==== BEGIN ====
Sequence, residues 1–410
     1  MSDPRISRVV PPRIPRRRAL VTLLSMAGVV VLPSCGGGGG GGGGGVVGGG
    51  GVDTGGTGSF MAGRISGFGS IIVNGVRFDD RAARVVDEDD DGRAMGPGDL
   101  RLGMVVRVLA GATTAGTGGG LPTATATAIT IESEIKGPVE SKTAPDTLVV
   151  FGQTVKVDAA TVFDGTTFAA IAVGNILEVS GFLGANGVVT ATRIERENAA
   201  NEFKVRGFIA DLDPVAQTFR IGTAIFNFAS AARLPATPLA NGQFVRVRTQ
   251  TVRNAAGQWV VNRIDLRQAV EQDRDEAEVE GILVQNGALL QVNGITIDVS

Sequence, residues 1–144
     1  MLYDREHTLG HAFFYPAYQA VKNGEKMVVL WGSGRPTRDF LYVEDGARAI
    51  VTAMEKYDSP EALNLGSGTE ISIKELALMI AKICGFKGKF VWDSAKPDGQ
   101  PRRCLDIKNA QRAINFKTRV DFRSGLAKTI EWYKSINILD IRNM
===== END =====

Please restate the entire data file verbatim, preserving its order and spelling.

Sequence, residues 1–410
     1  MSDPRISRVV PPRIPRRRAL VTLLSMAGVV VLPSCGGGGG GGGGGVVGGG
    51  GVDTGGTGSF MAGRISGFGS IIVNGVRFDD RAARVVDEDD DGRAMGPGDL
   101  RLGMVVRVLA GATTAGTGGG LPTATATAIT IESEIKGPVE SKTAPDTLVV
   151  FGQTVKVDAA TVFDGTTFAA IAVGNILEVS GFLGANGVVT ATRIERENAA
   201  NEFKVRGFIA DLDPVAQTFR IGTAIFNFAS AARLPATPLA NGQFVRVRTQ
   251  TVRNAAGQWV VNRIDLRQAV EQDRDEAEVE GILVQNGALL QVNGITIDVS

Sequence, residues 1–144
     1  MLYDREHTLG HAFFYPAYQA VKNGEKMVVL WGSGRPTRDF LYVEDGARAI
    51  VTAMEKYDSP EALNLGSGTE ISIKELALMI AKICGFKGKF VWDSAKPDGQ
   101  PRRCLDIKNA QRAINFKTRV DFRSGLAKTI EWYKSINILD IRNM